Politics
Politics

The millions of new voters spurred by Donald Trump and other campaign myths, debunked

The 2016 presidential campaign, like most, has spawned many myths – half-truths, delusions and some outright falsehoods – that spread through the Internet and over the airwaves. These four have taken on outsized prominence.

Myth No. 1: Donald Trump has drawn “millions” of Democrats, independents and previously disengaged citizens into the GOP.

Trump, himself, frequently repeats some version of this claim. Like many myths, it originated with a seed of truth that it has far outgrown.

The truthful part is that turnout has increased in Republican primaries compared with four years ago – up by about 7.5 million votes, or about 60% so far, according to a state-by-state compilation of figures by Michael McDonald of the University of Florida, one of the country’s leading experts on voter turnout.

Part of the increase undoubtedly comes from people who showed up to oppose Trump. But most of those new primary voters almost certainly showed up to vote for him. Trump gets political credit for mobilizing them to cast a ballot.

But increasing turnout in a Republican primary isn’t the same as drawing new people into the GOP. A large majority of voters every year sit out the primaries, so increased primary turnout usually means exciting existing partisans, not creating new ones. Exit polls indicate that's what has happened this year, as in previous turnout surges in both parties.

Late last month, the Massachusetts secretary of state got a lot of attention by reporting that about 16,000 people had changed their registration from Democratic to Republican in the weeks before the state’s primary. But that’s hardly millions, nor is it unprecedented. The share of voters in that state’s GOP primary who identified themselves as Democrats on the exit poll was 5% this year, was  almost identical to the 4% from four years ago.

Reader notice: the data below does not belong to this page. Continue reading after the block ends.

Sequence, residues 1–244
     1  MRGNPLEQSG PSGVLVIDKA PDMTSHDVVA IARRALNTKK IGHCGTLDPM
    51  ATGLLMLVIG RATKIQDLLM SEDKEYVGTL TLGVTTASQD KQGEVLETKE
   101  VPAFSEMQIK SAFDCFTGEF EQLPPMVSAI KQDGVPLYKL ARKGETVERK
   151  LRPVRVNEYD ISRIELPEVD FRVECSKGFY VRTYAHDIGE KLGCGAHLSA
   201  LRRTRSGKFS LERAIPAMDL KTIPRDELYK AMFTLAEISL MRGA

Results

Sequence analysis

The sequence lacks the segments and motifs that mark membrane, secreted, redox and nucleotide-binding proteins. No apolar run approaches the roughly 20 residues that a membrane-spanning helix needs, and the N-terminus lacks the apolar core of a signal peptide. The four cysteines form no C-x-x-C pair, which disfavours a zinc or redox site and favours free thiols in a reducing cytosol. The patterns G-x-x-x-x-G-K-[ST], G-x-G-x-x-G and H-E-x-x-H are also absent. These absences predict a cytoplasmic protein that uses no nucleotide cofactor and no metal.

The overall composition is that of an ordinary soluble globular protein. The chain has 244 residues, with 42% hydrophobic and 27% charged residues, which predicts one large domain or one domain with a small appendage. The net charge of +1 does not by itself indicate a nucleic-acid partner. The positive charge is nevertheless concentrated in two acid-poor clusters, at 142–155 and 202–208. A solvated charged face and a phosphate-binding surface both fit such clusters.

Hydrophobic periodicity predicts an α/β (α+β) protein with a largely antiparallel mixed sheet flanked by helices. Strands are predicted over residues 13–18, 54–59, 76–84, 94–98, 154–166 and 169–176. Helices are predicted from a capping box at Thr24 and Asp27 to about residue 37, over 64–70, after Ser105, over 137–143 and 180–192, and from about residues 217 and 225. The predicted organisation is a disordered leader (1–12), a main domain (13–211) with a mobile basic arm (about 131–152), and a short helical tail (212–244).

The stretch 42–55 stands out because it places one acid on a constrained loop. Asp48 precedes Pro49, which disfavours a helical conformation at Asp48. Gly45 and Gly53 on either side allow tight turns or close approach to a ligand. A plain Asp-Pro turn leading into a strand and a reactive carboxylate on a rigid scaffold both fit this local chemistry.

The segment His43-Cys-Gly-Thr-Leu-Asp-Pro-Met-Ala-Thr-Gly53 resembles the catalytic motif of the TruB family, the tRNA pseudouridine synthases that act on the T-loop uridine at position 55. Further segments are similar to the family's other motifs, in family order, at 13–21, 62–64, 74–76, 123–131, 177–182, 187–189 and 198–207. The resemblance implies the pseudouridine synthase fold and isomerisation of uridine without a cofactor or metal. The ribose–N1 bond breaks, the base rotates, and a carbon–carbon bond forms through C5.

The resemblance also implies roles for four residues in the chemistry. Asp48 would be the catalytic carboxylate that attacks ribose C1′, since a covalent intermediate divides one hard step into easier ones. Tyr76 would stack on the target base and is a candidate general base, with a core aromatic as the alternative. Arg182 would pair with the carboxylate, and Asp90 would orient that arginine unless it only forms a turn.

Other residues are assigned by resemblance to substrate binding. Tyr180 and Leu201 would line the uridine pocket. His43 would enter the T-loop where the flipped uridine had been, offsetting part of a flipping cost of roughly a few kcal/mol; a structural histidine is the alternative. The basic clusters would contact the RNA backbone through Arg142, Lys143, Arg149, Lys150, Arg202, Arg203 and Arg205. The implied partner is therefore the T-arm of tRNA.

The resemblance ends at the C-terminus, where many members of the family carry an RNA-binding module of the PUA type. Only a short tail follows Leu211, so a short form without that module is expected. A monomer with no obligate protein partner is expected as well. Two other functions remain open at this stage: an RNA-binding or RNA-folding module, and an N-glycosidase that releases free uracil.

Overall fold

In Iowa’s caucuses this year, Trump clearly did well with first-time participants. The share of voters taking part in the state’s caucuses for the first time rose from 38% in the 2012 exit poll to 45% in 2016, and Trump won the first-timers handily. In New Hampshire, by contrast, the 15% of voters casting a GOP primary ballot for the first time this year was only marginally higher than the 12% four years ago, and Trump’s share of their votes, 38%, was only slightly better than the 35% he got among repeat voters.

Myth No. 2: A drop in turnout in Democratic primaries means trouble in November.

This one gets currency in part because it fits easily into an existing story line – that Hillary Clinton hasn’t excited Democrats.

But turnout in primaries has almost no relationship to turnout in the general election. Moreover, since Democratic primary turnout in 2008 hit record levels, a downturn this year was nearly guaranteed.

Over the last four decades, in elections where both parties had contested primaries, the relationship between primary and general election turnout is clear: none. Half the time, the party with higher turnout in the primaries won the general election; half the time it lost.

In 2008, Democrats had a big turnout upsurge and then-Sen. Barack Obama went on to win the election. But the previous record Democratic primary turnout came in 1988; Michael Dukakis lost that year. Before that, the highest Democratic primary turnout was in 1980, when President Jimmy Carter lost his reelection bid.